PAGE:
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Today's Tidbit... 100 Years of Football: 1923-1926
This is the ninth in a series looking back at “100 Years of Football,” syndicated cartoons published by Jerry Brondfield and Charles Beck in 1969. Today's version covers the period from 1923-1926.
We open this week’s review overlapping the previous week’s timeline due to Red Grange’s varsity career at Illinois overlapping the two.
The Galloping Ghost was a magical runner whose ability to elude rather than outrun tacklers made him great. After joining the Bears and while on their first trip to Washington, D.C., an Illinois senator introduced George Halas and Grange to President Coolidge as “with the Chicago Bears.” Coolidge responded that it was nice to meet them since he “had always enjoyed animal acts.”
John Heisman and Wallace Wade were among the Ivy Leaguers who coached in the South and helped make the region’s football great. One form of recognition of their caliber of play came by earning invitations to the Rose Bowl, with Southern teams going 6-8 in Rose Bowl games before the Big Ten-Pac 8 alliance started in 1947.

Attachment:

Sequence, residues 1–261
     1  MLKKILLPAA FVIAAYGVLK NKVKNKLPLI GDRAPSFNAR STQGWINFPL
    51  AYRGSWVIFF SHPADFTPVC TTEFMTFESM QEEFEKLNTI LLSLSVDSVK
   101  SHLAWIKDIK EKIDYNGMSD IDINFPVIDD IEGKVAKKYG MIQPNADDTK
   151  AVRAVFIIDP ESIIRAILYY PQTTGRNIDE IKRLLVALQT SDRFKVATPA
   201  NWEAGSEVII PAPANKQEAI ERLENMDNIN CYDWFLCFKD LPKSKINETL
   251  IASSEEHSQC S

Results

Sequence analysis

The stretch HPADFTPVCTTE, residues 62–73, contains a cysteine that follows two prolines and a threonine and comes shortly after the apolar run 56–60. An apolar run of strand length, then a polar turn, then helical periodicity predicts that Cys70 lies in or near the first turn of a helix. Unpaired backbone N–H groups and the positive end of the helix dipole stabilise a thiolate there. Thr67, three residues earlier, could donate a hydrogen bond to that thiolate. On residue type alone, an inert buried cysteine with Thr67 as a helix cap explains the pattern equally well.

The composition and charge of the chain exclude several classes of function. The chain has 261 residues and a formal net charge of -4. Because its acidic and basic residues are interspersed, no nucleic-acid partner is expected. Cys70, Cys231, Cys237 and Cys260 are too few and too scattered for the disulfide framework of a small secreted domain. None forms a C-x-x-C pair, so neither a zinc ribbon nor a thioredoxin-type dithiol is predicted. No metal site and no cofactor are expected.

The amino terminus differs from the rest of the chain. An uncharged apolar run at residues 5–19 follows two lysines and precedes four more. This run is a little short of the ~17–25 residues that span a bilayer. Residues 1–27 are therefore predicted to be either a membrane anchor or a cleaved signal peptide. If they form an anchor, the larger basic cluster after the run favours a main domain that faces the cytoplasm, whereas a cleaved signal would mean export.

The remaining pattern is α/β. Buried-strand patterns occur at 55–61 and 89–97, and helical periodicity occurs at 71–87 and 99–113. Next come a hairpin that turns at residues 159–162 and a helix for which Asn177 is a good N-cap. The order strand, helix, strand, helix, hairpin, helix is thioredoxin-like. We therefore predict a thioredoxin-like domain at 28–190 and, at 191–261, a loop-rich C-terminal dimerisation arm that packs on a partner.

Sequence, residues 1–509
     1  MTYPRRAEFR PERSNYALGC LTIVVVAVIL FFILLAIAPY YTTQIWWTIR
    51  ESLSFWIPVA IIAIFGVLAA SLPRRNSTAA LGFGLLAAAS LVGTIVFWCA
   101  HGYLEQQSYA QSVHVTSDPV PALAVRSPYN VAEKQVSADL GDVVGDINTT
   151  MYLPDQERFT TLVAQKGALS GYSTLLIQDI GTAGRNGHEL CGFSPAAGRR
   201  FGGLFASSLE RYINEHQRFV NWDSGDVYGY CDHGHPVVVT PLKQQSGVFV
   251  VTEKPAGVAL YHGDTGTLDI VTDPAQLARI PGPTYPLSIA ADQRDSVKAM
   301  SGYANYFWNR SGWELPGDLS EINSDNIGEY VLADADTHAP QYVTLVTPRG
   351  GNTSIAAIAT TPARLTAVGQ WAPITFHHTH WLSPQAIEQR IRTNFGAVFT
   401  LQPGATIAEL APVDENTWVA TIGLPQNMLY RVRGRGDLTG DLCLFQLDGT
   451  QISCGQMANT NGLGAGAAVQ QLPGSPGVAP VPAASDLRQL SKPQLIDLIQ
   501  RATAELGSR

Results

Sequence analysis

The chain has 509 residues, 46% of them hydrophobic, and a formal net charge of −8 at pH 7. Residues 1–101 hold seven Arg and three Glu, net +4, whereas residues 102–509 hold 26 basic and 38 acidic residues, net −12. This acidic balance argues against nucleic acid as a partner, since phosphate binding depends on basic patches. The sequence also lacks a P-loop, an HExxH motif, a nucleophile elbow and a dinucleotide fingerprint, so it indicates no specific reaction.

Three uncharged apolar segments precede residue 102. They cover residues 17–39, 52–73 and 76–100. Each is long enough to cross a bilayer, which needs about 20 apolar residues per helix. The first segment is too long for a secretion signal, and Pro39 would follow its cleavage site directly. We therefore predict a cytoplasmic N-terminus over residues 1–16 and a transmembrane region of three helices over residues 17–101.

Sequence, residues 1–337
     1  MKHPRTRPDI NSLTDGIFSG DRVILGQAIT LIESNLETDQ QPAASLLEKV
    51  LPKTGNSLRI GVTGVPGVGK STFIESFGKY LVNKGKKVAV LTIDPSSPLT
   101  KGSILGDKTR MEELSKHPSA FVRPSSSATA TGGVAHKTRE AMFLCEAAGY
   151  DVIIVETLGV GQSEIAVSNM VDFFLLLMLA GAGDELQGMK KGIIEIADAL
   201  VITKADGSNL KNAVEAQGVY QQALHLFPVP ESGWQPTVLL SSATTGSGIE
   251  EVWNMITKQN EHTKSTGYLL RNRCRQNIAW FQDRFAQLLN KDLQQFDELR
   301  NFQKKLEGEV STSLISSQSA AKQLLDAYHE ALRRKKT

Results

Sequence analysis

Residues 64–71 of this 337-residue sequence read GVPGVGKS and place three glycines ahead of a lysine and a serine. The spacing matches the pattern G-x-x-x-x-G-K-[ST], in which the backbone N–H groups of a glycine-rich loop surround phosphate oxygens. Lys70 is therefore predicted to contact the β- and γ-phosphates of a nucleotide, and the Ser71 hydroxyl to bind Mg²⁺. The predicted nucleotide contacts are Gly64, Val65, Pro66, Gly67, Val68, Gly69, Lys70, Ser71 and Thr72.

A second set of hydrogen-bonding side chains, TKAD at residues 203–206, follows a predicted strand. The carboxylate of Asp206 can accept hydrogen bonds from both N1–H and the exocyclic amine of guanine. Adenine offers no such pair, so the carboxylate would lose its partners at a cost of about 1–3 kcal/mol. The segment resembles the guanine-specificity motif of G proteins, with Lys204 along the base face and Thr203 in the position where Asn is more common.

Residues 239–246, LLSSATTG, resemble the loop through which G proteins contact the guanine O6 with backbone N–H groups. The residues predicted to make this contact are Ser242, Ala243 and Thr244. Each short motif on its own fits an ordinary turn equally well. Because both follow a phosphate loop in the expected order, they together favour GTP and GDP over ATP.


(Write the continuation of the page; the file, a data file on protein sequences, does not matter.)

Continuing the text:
Other regions showed their football prowess in the 1920s, with Cal’s Brick Muller becoming one of the game’s great stars.
Jim Thorpe was a star halfback in Pop Warner’s Single Wing, while Ernie Nevers dominated at fullback in Warner’s Double Wing. Like Thorpe, Nevers was a triple threat on the football field and an exceptional athlete in other sports, including baseball, pitching for the St. Louis Browns in 1926 and 1927.
As Fielding Yost neared the end of his coaching career, Benny Friedman and Bennie Oosterbaan made the short punt offense click. Friedman was named All-America twice and Oosterbaan three times (and once in basketball). Oosterbaan, an end, even tossed three touchdown passes his senior year but did not pursue professional sports due to religious beliefs.
Mayes McClain’s 253 points scored in a season are not recognized as an NCAA record since Haskell was not an NCAA institution. (Monte Ball holds the FBS record at 236.) Further east, the Brown Bruins did more with less (or fewer) in 1926 as the Iron Men played all or nearly all of the key games, resulting in the men from Providence becoming the only undefeated team in school history.
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